Parties to UN-backed pact on nuclear safety commit to review security
14 April - Parties to the United Nations-backed convention on nuclear safety today resolved to carry out safety reviews of their nuclear installations in view of the unfolding emergency at the Fukushima Daiichi power plant in Japan, including re-examining the safety of power generation units when disaster strikes.
A the end of the 5th Review Meeting of the Convention on Nuclear Safety (CNS) in Vienna, delegations from 61 of the 72 countries that are Contracting Parties to the convention stressed that the learning process following the Fukushima Daiichi accident will continue as more information is gathered and analysed.
They also welcomed an initiative by Yukiya Amano, the Director General of the UN International Atomic Energy Agency (IAEA), to convene a Ministerial Conference on Nuclear Safety in June, and pledged
their support for the meeting.
Although the CNS Contracting Parties are required to meet every three years, it was agreed that they will convene an extraordinary meeting next year to analyse the Fukushima Daiichi emergency, which was triggered by the massive earthquake and enormous tsunami that struck Japan on 11 March.
The review meeting's conclusions also included detailed technical discussions on enhancing culture of safety culture; overcoming challenges in recruiting a new generation of nuclear professionals; managing ageing nuclear facilities and safely extending their lifetimes; nuclear power plant designs; situating new plants; periodic safety reviews; countries new to nuclear power; international cooperation; as well as networking on emergency management and operating experience.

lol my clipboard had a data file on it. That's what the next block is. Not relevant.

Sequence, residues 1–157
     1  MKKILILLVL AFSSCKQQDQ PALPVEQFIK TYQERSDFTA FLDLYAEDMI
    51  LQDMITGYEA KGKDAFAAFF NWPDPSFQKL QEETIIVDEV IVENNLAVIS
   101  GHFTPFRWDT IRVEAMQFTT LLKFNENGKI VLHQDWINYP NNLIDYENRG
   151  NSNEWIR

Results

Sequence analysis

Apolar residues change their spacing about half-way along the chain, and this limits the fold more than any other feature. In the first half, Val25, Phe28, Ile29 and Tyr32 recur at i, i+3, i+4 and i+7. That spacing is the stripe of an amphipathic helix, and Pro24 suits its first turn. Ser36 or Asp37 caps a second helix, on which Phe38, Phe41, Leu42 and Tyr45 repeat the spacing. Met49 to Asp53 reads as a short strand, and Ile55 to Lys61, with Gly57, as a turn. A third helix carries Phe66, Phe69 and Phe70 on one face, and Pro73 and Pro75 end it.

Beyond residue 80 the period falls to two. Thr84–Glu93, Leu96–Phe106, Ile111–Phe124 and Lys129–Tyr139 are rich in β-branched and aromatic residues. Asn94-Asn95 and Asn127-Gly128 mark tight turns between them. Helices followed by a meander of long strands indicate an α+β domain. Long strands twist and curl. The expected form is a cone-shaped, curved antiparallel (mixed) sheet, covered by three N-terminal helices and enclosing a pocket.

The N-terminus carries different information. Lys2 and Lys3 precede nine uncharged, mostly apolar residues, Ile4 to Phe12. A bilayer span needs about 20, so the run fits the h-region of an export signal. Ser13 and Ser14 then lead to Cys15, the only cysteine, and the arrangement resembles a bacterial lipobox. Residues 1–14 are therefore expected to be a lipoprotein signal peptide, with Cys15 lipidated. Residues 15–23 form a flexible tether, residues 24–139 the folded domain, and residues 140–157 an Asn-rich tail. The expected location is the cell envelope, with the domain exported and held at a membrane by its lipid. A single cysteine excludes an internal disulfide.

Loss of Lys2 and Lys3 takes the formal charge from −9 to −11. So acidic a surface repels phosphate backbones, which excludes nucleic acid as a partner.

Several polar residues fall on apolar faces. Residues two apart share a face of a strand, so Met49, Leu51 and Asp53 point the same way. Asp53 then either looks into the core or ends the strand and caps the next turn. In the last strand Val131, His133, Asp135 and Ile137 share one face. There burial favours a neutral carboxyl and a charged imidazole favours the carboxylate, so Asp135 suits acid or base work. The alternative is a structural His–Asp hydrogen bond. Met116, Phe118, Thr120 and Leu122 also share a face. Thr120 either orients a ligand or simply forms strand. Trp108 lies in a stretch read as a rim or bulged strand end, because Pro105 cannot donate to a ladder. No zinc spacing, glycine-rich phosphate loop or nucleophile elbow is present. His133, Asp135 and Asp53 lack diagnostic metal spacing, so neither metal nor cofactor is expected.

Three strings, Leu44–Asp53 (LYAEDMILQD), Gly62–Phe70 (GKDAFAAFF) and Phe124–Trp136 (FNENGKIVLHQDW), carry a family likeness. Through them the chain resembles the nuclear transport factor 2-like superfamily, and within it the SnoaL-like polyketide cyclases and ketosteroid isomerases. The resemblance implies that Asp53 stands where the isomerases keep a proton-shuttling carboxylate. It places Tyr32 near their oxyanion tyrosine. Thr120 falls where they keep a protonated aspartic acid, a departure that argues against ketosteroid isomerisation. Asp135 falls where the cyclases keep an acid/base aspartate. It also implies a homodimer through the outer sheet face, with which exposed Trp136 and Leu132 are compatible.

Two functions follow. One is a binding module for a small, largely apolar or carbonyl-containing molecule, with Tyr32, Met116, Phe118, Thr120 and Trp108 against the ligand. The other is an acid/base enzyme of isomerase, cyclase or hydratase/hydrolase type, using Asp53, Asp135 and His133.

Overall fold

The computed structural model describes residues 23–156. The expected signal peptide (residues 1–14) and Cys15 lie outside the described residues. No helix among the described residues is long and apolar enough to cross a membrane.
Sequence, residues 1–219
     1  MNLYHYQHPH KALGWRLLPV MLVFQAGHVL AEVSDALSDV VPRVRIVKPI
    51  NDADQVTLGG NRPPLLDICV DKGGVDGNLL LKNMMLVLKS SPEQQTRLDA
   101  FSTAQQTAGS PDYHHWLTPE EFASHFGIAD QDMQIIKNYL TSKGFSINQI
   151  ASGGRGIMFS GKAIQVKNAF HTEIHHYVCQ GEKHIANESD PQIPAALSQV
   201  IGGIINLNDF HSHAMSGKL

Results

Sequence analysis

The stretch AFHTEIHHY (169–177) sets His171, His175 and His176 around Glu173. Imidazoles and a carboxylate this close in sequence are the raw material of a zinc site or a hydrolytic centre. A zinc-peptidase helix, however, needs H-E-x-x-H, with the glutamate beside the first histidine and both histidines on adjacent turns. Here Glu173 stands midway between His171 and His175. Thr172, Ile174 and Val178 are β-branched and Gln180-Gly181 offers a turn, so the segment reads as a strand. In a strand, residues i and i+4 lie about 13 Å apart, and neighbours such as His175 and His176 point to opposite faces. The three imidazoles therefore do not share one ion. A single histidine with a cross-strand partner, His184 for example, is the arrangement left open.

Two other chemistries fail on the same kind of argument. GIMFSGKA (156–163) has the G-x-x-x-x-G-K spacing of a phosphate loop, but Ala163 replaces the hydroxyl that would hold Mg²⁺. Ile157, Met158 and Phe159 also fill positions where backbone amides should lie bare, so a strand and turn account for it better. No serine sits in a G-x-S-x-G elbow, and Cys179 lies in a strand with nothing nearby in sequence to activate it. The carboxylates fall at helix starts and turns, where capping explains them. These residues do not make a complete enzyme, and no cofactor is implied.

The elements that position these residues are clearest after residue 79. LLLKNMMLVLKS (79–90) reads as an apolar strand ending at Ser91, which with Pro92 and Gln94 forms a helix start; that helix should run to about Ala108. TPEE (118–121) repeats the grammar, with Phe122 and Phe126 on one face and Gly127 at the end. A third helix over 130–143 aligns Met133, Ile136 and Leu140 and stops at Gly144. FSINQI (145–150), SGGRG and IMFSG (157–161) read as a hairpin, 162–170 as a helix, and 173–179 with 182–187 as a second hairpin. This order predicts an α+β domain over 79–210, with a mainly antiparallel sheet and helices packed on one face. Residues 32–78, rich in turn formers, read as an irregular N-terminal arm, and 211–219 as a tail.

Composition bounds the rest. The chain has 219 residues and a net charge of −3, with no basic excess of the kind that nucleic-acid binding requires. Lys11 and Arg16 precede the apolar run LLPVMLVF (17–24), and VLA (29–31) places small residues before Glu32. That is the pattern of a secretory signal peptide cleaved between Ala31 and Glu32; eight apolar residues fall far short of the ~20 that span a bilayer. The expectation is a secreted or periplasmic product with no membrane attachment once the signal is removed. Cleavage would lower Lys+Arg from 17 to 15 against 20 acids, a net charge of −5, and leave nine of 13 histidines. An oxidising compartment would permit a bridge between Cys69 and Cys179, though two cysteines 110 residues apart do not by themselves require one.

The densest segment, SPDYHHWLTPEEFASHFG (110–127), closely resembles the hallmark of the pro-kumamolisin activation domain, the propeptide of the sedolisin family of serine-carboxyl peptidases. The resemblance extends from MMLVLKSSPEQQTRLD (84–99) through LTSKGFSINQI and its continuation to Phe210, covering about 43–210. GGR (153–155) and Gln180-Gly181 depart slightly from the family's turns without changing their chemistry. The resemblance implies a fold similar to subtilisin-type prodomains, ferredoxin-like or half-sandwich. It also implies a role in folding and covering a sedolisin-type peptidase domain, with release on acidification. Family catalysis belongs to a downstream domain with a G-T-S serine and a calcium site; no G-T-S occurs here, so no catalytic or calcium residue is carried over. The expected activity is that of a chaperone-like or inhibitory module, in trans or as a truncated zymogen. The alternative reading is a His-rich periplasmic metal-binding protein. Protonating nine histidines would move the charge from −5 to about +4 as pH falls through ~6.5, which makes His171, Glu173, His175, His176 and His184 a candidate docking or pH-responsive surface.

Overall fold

The 10-day conference also discussed country reports on nuclear safety that every contracting party is obliged to submit. All countries with operating nuclear power plants are among the CNS' contracting parties.
The convention, which entered into force on 24 October 1996, was designed to enhance nuclear safety. It aims to achieve and maintain high levels of nuclear safety worldwide, establish and maintain effective defences in nuclear installations against potential radiological hazards, and to prevent accidents having radiological consequences.
The convention does not compel parties to adhere to certain safety standards, but is, instead, based on their common interest to achieve higher levels of safety.
The IAEA is the depositary of the convention and its role is to provide the secretariat for Review Meetings by convening, preparing and servicing them, as well as transmitting relevant information to the contracting parties.